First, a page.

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The Feds have shut down a major Palm Beach County $1 million sting operation for misusing public assistance programs. So far 15 people have been arrested for charges that range from food stamps theft to public housing authority fraud to money laundering.  Police are still on the look-out for seven more suspects who have been tied to the case, reports the Sun Sentinel.

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“Operation Leap Fraud” is in the third installment of an effort to stop individuals who cheat or abuse the government-sponsored public assistance programs.  Law officials at the helm of the investigation stated that this type of theft is unfortunately a widespread problem in their area, which is to the detriment of taxpayer.

State Attorney Michael McAuliffe told the Sun-Sentinel that the purpose of the public assistance fraud probes is to show there is no toleration for even minor fraud cases, and that when put together, “[it] shows a systemic and over-arching pattern of fraud and abuse.  We reject the notion that if you steal $10,000 from the government that’s too low of a threshold to hold you accountable,” McAuliffe said. “We’re investigating and we’re going to prosecute you … for the fraud you’re committing against your fellow citizens and the community.”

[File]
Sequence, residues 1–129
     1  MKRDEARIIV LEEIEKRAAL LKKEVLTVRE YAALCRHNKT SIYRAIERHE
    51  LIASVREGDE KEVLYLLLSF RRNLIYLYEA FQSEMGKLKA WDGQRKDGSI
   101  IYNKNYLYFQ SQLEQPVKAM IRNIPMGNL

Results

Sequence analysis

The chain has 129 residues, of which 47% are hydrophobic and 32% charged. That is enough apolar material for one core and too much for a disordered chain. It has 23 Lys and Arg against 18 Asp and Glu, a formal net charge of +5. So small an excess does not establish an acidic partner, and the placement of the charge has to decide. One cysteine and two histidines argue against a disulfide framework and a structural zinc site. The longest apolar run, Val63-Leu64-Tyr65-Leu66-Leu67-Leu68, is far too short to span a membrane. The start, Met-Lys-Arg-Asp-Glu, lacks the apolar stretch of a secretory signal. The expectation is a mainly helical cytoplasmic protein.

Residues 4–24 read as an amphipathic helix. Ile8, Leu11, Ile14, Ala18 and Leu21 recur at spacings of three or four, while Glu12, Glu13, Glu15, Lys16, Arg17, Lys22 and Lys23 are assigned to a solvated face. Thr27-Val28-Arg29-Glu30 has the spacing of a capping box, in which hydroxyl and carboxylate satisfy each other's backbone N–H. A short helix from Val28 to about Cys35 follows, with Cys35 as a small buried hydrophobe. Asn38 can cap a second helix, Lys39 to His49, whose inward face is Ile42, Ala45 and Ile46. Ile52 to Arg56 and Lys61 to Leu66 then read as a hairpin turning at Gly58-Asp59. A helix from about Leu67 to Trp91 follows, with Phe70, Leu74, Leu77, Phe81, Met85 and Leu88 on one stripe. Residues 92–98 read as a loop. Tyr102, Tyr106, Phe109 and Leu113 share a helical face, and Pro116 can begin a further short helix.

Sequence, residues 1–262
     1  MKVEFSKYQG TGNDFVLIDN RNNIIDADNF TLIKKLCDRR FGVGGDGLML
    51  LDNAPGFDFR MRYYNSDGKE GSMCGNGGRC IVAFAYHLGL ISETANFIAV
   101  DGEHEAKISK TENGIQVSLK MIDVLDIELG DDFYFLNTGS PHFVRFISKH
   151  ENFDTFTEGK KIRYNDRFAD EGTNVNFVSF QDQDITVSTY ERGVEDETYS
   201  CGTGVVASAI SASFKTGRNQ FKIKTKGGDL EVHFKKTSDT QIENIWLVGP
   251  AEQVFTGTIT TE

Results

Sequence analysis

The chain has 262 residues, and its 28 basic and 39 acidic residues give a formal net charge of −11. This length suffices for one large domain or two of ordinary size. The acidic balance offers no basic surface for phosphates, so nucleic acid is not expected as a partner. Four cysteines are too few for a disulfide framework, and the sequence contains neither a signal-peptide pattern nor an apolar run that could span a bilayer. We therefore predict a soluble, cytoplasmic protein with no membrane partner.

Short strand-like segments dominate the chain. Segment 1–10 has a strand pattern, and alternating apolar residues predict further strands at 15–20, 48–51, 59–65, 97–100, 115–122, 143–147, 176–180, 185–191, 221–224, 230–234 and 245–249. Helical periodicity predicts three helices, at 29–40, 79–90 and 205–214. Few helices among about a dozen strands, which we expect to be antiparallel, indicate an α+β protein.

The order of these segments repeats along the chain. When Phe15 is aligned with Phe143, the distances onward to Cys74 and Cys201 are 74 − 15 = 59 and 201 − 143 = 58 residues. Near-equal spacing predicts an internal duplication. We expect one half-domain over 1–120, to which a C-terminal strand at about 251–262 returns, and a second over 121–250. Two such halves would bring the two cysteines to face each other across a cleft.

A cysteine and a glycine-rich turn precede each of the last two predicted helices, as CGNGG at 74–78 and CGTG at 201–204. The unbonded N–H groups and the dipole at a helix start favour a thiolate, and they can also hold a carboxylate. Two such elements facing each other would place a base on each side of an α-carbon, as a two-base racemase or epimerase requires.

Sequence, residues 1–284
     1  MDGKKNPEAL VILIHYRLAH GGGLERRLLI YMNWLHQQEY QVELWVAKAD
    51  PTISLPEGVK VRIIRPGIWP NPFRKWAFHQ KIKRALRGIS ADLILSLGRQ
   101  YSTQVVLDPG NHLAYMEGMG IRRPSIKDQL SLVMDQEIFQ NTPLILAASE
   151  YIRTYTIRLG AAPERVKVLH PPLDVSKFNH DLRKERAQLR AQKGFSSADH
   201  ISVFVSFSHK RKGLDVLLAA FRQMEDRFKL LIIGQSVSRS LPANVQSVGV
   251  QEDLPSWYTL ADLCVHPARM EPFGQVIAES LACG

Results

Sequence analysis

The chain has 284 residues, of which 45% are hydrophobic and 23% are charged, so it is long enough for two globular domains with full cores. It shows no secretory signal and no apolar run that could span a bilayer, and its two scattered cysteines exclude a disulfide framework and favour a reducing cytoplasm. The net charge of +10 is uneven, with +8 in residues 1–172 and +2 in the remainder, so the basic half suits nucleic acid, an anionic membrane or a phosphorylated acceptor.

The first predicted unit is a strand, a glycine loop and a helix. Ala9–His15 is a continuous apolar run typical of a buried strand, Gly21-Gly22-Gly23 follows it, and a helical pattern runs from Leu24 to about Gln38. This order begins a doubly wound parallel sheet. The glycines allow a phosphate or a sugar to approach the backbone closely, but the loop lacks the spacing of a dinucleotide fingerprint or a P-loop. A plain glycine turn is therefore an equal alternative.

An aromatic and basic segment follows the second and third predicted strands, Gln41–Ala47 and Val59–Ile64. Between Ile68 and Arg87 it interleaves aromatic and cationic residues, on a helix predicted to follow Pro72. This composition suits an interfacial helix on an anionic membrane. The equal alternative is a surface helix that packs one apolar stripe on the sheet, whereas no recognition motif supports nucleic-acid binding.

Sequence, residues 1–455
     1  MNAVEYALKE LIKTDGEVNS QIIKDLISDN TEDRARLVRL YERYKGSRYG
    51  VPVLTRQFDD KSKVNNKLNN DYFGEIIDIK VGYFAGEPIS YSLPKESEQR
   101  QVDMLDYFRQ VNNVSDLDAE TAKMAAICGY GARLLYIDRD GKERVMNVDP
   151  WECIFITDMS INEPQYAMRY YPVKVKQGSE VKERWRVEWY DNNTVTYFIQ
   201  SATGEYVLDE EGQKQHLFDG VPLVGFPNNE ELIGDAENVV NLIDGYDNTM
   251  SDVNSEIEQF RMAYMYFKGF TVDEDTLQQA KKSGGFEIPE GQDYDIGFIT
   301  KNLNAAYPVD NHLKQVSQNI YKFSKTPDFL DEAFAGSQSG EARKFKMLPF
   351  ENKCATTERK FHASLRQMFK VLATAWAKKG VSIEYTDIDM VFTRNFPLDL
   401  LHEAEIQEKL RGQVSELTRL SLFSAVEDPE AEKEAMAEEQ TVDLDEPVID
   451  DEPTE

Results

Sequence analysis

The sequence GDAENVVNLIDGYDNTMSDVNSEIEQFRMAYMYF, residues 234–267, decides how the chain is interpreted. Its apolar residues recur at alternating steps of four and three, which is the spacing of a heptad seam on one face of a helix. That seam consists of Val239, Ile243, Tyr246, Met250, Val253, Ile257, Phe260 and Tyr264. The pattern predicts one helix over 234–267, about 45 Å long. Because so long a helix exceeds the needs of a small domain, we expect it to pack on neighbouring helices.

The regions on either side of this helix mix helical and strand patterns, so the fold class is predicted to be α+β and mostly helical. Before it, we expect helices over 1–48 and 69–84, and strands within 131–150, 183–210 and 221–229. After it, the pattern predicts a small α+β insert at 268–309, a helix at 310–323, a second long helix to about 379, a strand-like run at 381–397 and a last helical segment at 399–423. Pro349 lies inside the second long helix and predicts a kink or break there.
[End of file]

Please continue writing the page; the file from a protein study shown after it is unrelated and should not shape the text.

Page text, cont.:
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The current sweep of arrests is just the tip of the iceberg and police investigators insist that there will be quite a few more installments before this type of crime sees an end.

One of the arrestees, landlord Michael A. Diaz, who has been slapped with charges of money laundering, public assistance fraud, and grand theft, actually took one of his tenant’s Electronic Benefit Transfer (EBT) cards as payment for weekly rent.  He is also accused of using $800 worth of benefits from those who were recipients of public assistance.  EBT cards are issued and used like cash to buy food at grocery stores.  In Diaz’s case, he took the card from an elderly woman and left her without a means to feed herself.

According to Assistant State Attorney Bill Minton, who is with the white collar crime unit, concentrated law efforts in battling these types of crimes will better assist communities.  “Statistically…where people go in and they concentrate on or take seriously public assistant fraud, the crime rates have gone down dramatically,” Minton told WPTV.   On a whole, the attorney warns that the conviction and disqualification rate of system thieves or abusers stands at 100 percent.


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